How an organization that was only delisted by the US Department of State as a terrorist group in 2012 could so soon after win influential friends at the heart of America’s current administration is the strange and sinister story of the Mujahedin-e Khalq, better known by its initials, MEK. Commonly called a cult by most observers, the MEK has a historic record of terrorism, human rights abuses, and murder of US citizens. One would think, then, that senior American officials like Rudy Giuliani, Mike Pompeo, and John Bolton wouldn’t go near the MEK, let alone fraternize with its members or take its fees. But when it comes to Iran, the usual rules don’t apply.
It seems clear that whoever hired Black Cube—in an effort to discredit me and former Obama administration officials—favored the US’s withdrawal from the Iran deal. If a foreign private intelligence agency was hired to help change a vital aspect of US foreign policy, with global consequences, it is a matter of urgent public interest to discover who ordered the operation and who paid for it. Congress has a responsibility to investigate. If the Trump administration was involved in a Nixonian campaign to justify its disastrous policy-making, we deserve to know.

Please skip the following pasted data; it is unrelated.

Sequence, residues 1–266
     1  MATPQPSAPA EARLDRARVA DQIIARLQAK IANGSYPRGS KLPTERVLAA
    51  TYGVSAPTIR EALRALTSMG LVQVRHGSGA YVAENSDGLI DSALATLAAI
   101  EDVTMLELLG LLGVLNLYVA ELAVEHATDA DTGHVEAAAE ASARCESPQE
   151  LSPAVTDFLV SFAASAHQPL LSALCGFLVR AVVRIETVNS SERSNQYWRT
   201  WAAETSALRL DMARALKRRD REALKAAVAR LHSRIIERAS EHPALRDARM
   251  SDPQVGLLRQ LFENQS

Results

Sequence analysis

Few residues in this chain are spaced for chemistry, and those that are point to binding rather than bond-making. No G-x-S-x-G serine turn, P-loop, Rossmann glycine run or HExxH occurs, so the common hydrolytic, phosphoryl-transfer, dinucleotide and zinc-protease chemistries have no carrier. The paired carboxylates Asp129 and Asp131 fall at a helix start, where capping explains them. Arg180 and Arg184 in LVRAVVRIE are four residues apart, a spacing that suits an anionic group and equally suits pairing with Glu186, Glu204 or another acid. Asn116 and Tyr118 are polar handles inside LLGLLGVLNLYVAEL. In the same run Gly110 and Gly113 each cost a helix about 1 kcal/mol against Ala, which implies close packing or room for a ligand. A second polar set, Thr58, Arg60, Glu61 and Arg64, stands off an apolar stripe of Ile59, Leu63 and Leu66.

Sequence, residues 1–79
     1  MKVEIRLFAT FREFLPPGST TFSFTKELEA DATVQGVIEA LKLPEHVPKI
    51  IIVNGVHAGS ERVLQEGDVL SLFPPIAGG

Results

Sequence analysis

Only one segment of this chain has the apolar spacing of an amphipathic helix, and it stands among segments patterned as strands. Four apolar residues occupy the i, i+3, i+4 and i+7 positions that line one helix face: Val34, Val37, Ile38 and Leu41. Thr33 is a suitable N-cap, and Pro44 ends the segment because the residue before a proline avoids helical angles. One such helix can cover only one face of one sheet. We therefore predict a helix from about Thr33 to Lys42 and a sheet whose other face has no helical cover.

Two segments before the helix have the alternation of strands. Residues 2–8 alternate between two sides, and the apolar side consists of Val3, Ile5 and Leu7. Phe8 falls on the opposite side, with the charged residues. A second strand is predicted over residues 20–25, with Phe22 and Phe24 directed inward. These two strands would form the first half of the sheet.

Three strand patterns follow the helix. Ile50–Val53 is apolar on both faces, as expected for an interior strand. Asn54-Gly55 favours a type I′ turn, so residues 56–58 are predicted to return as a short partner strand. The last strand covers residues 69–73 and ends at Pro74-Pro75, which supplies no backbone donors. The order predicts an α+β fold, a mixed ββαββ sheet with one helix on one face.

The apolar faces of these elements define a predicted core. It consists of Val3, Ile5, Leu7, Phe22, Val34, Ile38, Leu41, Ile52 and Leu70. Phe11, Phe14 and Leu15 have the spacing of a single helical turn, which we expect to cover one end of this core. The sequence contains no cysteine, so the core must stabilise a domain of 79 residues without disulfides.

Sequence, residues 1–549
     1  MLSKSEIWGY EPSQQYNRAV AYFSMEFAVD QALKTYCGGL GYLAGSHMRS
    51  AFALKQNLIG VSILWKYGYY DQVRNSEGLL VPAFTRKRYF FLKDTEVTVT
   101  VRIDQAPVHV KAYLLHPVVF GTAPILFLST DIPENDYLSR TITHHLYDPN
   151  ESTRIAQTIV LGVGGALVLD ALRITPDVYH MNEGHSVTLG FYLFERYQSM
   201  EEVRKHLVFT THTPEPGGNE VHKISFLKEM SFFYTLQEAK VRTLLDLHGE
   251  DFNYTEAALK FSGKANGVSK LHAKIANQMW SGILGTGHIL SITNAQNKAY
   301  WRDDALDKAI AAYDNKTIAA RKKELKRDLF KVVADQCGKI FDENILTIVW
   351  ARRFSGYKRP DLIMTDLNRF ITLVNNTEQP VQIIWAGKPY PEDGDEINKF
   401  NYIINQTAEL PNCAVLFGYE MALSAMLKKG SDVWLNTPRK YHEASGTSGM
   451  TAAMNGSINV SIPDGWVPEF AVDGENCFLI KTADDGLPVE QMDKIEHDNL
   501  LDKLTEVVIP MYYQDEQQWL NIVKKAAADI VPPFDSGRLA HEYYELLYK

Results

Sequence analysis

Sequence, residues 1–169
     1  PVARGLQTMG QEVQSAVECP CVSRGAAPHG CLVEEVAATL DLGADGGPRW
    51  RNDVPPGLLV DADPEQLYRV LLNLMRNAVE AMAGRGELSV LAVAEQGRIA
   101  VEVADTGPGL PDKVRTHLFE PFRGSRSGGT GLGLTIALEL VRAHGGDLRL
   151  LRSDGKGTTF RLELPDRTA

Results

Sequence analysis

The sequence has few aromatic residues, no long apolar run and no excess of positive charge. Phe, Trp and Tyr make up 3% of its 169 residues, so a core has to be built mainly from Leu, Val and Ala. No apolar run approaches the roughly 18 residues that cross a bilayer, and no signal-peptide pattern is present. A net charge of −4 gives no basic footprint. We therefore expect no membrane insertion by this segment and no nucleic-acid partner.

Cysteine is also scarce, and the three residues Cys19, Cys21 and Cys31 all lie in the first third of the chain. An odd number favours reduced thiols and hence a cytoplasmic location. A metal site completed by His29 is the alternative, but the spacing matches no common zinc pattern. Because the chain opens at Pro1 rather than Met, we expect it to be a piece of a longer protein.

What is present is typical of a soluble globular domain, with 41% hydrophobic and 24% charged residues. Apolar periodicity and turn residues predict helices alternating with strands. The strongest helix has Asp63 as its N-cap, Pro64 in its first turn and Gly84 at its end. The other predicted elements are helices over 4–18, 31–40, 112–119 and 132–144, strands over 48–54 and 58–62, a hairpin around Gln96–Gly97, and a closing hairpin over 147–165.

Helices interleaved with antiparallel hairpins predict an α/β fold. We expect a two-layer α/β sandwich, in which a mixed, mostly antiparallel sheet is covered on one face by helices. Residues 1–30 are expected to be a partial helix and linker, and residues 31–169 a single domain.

The more aggressive Trump’s posture in the Middle East becomes, the stronger the hard-liners’ argument against Iranian President Rouhani’s administration will be. This is not just about what the Iranian conservatives will win if Trump kills the nuclear deal, but what America will lose. The blow to Iran’s moderate forces will be far more consequential than Bush’s “axis of evil” declaration and the rejection of Iran’s 2003 bargain proposal. It will take years, perhaps decades, before anyone in the Iranian political elite will dare to suggest any accommodation with Washington.